His mother smiled, a tranquil smile as if she had a secret. “I know, men just know these things, your dad told his brother the night we met that we were going to be married. Your Uncle Tom told Aunt Ethel, my sister, and I laughed, oh, how I laughed! I got a big joke outof it that night. I was just fourteen, and marriage was the last thing on my mind, then. I said, we’ll see about that. Besides, he was such a tall serious boy. I couldn’t imagine talking to him, much less getting married. He started coming around; would walk a mile or so from town or ride a horse over if it was late. Then I decided I would marry him, but Mama made us wait until I was sixteen. At the end, it was awful hard to wait, I wanted to cook for him, and wash his clothes. Every time I washed a dish, I’d wish it was his. But then I got to do that, for fifty-three years. I never once wished it any other way.”
They both sat silently, remembering the gentle dark eyes they loved, the large hands, deep voice. The kitchen was dark. “Well,” said his mother as she lit the kerosene lamp, “I suppose I’ll need to meet this girl. Tell me about her, what does she look like?” Her son began to talk animatedly, rose to his feet, and paced about the room. His mother smiled again with a knowing look as she watched him.
“Complexion like peaches, you say? That’s what your father used to call me, you know? His peaches ‘n cream. He said life was good to him, but I was the peaces ‘n cream.” Neither spoke, gazing at the peach on the table, each lost in their own dream, hers of the past, his of the future.
He drove down the dirt road, puffs of red dust rising behind his tires. “What if she’s not there? What if she hates me? What if she’s a figment of my imagination, a ghost?” The tortured thoughts that had caused him to lie awake until the sun finally rose ran through his brain like bees buzzing around a hive. He had awakened and knew he had to go to her.
“That bad, huh?” teased his mother. “Before chores?”
“Well, just thought I’d go back to the Millers for the eggs,” he mumbled.
“Bring her back for breakfast if she can come,” this from his mother. “Doubt that she can though. What mother is going to let her daughter go off in a car with a man she doesn’t know?”
His anxiety had increased with each passing mile, and he took no notice of the dew shining on the grass as he usually did, even when he stopped and picked a bouquet of daisies, buttercups, and pansies. “I wish I could find a rose,” he muttered to himself, “a perfect one, just like her.”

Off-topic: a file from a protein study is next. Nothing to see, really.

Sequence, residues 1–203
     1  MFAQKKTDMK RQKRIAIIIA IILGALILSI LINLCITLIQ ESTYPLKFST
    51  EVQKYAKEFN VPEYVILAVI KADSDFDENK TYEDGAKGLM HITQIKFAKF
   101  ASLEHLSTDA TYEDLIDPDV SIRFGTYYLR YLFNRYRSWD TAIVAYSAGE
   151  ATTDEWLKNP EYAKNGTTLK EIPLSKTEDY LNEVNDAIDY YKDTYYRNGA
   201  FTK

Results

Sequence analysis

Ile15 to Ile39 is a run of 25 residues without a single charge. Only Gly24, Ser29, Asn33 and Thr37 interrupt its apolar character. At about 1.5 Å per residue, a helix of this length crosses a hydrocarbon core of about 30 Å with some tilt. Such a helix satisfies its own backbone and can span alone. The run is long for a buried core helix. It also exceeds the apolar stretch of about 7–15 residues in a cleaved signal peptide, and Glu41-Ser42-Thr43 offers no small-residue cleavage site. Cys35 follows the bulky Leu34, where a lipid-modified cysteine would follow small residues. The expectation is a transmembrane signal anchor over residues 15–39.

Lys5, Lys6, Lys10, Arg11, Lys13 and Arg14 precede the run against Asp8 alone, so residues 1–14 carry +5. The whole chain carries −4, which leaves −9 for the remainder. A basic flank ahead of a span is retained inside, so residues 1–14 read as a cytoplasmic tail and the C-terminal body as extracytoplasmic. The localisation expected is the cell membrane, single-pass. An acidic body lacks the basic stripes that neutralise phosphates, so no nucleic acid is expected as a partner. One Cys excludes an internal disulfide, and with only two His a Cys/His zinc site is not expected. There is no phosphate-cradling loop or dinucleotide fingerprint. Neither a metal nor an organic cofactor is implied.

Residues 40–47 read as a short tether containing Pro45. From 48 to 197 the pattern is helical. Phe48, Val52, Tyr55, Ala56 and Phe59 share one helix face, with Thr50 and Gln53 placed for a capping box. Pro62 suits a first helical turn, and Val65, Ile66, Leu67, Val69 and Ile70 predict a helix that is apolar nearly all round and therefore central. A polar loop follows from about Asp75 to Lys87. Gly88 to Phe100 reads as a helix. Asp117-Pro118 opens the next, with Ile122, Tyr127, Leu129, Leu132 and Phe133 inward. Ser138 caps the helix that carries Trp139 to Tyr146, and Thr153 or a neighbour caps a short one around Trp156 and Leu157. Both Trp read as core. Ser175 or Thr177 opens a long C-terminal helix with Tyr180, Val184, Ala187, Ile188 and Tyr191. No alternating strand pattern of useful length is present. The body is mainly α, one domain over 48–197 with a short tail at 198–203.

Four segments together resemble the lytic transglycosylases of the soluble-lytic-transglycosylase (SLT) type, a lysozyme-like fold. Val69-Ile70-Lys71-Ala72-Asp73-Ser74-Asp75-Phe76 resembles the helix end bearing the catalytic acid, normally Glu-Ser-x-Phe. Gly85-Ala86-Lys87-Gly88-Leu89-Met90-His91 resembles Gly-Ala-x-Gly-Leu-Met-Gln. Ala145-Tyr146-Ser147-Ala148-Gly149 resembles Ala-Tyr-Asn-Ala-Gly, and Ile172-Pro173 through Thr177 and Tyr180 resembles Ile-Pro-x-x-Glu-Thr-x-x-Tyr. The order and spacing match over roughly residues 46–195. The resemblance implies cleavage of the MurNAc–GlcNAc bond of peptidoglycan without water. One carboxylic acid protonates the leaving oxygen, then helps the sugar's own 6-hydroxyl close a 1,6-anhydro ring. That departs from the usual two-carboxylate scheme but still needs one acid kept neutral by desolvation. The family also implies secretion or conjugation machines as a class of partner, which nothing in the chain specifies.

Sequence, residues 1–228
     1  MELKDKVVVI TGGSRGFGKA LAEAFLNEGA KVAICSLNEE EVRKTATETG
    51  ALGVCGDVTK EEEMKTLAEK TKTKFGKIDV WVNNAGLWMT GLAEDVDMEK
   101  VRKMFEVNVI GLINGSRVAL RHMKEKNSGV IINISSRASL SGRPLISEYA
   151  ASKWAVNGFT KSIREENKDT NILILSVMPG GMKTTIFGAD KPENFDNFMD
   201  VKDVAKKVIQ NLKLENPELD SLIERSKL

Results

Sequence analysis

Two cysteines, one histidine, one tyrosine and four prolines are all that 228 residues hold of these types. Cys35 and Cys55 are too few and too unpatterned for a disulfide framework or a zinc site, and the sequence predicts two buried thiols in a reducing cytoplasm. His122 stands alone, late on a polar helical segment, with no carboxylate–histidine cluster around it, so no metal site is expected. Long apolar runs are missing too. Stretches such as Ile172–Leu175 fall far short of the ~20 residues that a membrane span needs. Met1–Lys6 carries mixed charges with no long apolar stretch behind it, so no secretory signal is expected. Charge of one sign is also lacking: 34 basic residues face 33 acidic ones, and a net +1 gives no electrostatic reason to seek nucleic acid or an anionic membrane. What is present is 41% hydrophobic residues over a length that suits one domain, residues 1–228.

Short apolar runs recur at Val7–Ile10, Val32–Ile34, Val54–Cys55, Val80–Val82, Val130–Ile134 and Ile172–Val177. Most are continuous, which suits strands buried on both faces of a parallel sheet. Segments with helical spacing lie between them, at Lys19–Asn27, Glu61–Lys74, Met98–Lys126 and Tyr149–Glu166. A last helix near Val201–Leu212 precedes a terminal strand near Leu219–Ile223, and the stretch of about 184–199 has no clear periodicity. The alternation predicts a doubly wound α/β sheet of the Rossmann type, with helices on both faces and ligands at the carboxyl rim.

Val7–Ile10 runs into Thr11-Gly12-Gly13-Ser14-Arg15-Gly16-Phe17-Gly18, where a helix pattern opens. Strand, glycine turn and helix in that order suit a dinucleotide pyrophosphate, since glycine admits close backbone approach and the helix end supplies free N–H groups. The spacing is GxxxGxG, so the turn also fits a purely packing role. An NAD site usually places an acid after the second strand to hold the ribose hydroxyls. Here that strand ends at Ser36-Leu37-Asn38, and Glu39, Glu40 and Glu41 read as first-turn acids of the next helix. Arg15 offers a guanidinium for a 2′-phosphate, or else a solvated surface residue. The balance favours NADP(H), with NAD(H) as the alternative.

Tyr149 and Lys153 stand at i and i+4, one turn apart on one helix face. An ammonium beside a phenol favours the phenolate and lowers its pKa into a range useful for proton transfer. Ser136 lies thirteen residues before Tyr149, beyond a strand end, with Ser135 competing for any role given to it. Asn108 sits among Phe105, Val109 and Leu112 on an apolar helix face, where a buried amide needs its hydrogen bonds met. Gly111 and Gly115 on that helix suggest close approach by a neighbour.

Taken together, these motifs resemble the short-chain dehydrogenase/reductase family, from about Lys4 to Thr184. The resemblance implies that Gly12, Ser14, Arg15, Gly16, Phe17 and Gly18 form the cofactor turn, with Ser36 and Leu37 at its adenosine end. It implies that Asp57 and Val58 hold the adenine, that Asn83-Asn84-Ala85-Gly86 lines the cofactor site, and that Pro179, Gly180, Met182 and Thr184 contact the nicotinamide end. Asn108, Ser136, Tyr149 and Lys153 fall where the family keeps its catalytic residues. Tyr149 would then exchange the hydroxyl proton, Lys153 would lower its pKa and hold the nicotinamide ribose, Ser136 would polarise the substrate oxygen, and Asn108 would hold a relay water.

As he rounded a curve, and the house came into view, he stopped the car, and leaned his head on the steering wheel. He heard his father’s strong voice say, “Nothing ventured, nothing gained,” and a new resolve flowed through him. His father, too, had known what he wanted, and had risked saying so and going after it.
Walking up the steps to her front door, he thought, I don’t even know her name, what would he say if her father or mother opened the door? What would he say if she did? The front door opened before he could knock. “Hello,” he began haltingly, “I’m Raymond….”
The beautiful face interrupted him, “I thought you would never come….I’m Julia.” She took his arm and pulled him through the doorway. “I want you to meet my parents; please come in for breakfast.”
As he turned to close the door behind him, he was smiling.
(O.K. so I’ve taken a lot of poetic license here. This is based on the story I heard about my grandparents meeting. My grandfather, Raymond, was with his best friend, who was dating my grandmother’s sister, Ethel and he met my grandmother, Julia. He did tell his friend the same night that he was going to marry my grandmother and she was fourteen, but I just wove that into the fabric of the story. The feelings are attributed to the Raymond in the story although the main story (of my grandparents) is told by his mother. Also, my grandfather did not have a roadster, and it’s too long a story to go into to--to say why I used it. Suffice it to say that I just didn’t want to take it out, and put a horse in it’s place…I think I’m entitled occasionally to fictionalize but I will always say so).